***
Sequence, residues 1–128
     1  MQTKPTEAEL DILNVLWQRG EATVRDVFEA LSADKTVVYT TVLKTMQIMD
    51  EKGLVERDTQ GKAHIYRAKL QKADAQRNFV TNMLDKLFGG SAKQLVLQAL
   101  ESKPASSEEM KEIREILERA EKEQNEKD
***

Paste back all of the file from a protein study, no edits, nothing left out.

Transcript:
Sequence, residues 1–128
     1  MQTKPTEAEL DILNVLWQRG EATVRDVFEA LSADKTVVYT TVLKTMQIMD
    51  EKGLVERDTQ GKAHIYRAKL QKADAQRNFV TNMLDKLFGG SAKQLVLQAL
   101  ESKPASSEEM KEIREILERA EKEQNEKD